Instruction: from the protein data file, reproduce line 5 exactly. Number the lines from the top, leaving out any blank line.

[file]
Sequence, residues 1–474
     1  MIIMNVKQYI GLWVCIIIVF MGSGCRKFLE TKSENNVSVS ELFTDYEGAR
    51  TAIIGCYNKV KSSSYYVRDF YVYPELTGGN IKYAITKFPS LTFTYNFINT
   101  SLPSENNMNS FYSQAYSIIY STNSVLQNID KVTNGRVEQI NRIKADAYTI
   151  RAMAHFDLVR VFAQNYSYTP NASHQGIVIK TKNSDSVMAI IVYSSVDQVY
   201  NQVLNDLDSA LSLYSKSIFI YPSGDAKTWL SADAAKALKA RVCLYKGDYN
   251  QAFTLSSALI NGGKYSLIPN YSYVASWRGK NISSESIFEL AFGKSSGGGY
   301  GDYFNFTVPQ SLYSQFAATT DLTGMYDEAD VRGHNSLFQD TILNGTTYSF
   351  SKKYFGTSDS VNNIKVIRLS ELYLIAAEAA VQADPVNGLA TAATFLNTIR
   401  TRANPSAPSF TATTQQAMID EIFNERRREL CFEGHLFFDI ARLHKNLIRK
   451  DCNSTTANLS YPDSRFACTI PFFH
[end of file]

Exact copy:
   151  RAMAHFDLVR VFAQNYSYTP NASHQGIVIK TKNSDSVMAI IVYSSVDQVY